COLORADO SPRINGS, Co. — Voters in Colorado have approved a ballot initiative to legalize assisted suicide in the state.
According to the Denver Post, Proposition 106 passed overwhelmingly with two thirds of the vote.
“Shall there be a change to the Colorado revised statutes to permit any mentally capable adult Colorado resident who has a medical prognosis of death by terminal illness within six months to receive a prescription from a willing licensed physician for medication that can be self-administered to bring about death,” it asked in part.
The measure requires that two physicians confirm the patient’s terminal prognosis and that the patient be advised of all treatment options other than assisted suicide. Patients will also be mandated to undergo “evaluation by a licensed mental health professional if either physician believes the patient may not be mentally capable.”
Proposition 106 was modeled after Oregon’s “Death With Dignity Act,” which 29-year-old cancer patient Brittany Maynard utilized in 2014 to end her life. She had written to followers prior to her death that she wanted them to push other states to permit people to kill themselves under similar circumstances.
“As my time draws closer, I hope you will all take up my request to carry on this work, and support [my family and friends] as they carry on my legacy,” she wrote.
Maynard, who was diagnosed with Glioblastoma multiforme, said that she rejected treatment options because they would impact her “quality of life,” and also decided not to pursue hospice care because she did not want her family to watch her suffer.
But a number of those who heard Maynard’s story, including those who were struggling with terminal illnesses themselves, tried to reach out to the young woman and urge her not to take her death into her own hands.
“Brittany, I ache for you and your family. I pray that your tumor will make a miraculous change for the better. And if that does not happen, I pray that whenever you pass away, you know the Lord,” wrote wife and mother Heather Laurie, who suffers from mitochondrial disease. “I choose to die with dignity. The dignity of awaiting the Lord’s timing. When He calls, I shall with great joy join Him in Heaven and leave behind the pain and suffering this body had developed, but I will not allow one second to be shaved off of that life because I am scared.”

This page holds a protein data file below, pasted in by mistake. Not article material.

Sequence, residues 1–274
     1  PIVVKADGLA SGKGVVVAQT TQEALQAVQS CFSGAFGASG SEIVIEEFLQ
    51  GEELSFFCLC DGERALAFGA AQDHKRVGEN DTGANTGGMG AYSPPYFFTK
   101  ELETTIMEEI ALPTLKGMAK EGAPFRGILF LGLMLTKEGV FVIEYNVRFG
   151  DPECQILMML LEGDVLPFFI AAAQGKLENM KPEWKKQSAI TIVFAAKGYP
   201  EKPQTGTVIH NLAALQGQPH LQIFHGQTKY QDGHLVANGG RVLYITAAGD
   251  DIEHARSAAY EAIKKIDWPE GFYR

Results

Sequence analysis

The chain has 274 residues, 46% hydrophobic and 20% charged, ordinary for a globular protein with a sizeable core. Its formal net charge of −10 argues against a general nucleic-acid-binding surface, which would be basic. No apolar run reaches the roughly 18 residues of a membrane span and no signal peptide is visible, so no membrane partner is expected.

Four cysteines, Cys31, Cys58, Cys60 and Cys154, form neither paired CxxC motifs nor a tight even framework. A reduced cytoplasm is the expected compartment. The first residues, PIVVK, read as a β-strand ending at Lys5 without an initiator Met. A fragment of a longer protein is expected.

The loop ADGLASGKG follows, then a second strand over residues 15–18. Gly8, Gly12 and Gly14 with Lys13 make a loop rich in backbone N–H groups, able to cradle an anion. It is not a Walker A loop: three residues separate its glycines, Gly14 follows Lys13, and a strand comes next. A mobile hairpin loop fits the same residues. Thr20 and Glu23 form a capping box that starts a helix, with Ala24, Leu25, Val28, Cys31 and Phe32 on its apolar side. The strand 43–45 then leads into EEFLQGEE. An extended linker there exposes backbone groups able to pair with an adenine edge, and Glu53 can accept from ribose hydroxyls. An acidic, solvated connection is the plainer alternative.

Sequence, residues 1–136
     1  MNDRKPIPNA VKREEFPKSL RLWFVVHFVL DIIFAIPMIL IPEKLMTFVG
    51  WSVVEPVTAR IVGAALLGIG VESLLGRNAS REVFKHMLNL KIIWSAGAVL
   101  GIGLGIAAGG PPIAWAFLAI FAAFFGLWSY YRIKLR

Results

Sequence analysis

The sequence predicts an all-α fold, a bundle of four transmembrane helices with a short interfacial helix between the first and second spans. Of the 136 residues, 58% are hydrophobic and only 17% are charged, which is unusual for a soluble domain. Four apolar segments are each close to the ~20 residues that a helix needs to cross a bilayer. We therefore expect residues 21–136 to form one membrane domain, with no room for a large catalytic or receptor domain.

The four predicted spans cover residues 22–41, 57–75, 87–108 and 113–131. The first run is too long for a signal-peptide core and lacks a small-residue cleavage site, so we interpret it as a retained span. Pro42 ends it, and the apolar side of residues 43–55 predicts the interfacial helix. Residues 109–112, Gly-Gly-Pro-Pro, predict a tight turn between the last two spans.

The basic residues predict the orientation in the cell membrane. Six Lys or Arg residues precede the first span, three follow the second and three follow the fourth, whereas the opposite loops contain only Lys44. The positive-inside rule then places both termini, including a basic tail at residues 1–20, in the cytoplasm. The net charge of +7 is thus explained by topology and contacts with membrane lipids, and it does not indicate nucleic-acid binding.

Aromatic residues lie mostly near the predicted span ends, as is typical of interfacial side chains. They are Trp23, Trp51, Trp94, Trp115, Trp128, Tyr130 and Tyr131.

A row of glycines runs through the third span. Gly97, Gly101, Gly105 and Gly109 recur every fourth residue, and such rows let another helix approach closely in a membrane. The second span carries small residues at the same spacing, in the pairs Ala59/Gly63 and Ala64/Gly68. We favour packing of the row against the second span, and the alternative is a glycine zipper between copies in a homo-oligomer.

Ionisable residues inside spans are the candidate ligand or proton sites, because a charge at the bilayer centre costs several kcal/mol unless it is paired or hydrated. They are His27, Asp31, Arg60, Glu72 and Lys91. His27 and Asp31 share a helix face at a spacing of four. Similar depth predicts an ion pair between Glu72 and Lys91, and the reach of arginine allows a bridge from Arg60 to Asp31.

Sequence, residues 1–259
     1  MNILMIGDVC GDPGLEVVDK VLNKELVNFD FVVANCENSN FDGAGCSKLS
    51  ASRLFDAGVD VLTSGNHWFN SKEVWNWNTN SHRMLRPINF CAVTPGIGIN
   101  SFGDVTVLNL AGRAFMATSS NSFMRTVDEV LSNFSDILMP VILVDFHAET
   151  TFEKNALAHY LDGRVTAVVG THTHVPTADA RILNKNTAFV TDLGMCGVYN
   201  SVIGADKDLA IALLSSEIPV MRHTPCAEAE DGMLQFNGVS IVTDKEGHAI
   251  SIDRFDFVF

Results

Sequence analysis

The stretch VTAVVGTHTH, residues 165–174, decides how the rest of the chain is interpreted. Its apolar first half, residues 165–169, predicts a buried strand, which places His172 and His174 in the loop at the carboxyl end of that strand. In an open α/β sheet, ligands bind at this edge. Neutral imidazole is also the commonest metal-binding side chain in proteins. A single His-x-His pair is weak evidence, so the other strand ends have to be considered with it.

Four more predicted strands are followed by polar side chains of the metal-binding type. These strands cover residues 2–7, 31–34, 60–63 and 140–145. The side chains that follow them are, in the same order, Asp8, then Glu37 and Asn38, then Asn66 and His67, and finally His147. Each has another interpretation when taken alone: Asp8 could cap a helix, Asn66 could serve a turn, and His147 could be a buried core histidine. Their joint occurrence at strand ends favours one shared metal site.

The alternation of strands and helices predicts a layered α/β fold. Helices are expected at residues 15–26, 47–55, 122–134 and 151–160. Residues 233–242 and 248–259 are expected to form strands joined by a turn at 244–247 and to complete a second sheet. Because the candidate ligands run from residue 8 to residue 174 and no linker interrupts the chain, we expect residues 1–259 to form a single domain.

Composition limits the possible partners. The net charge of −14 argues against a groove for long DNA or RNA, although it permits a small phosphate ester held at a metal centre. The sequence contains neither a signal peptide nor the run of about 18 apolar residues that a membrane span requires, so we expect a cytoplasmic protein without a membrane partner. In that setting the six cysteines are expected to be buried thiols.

As previously reported, until now, Colorado outlawed aiding in one’s death, criminalizing the act as felony manslaughter. After failed attempts in the legislature to legalize assisted suicide, a ballot initiative was put forward for the people to vote on the matter.
The Compassion and Choices Action Network, which had backed the ballot initiative, cheered Tuesday’s outcome.
“This is a historic day for all Coloradans, and an especially tremendous victory for terminally ill adults who worry about horrific suffering in their final days,” President Barbara Coombs Lee said in a statement. “We are delighted the significant investment paid off and are proud to have lent the expertise and resources to empower the voters of Colorado.”
But others expressed disappointment.
“We are deeply disappointed and concerned about Colorado legalizing doctor-assisted suicide,” Jeff Hunt, vice president of public policy for Colorado Christian University, told reporters Tuesday night. “The fight is not over.”
As previously reported, there are five other American states in which assisted suicide is legal. Following its passage in the legislature in October 2015, California became the fifth state to legalize physician-assisted suicide following Vermont, Oregon, Washington and Montana. Assisted suicide was permitted in Montana through the courts, however, as opposed to a vote in the legislature.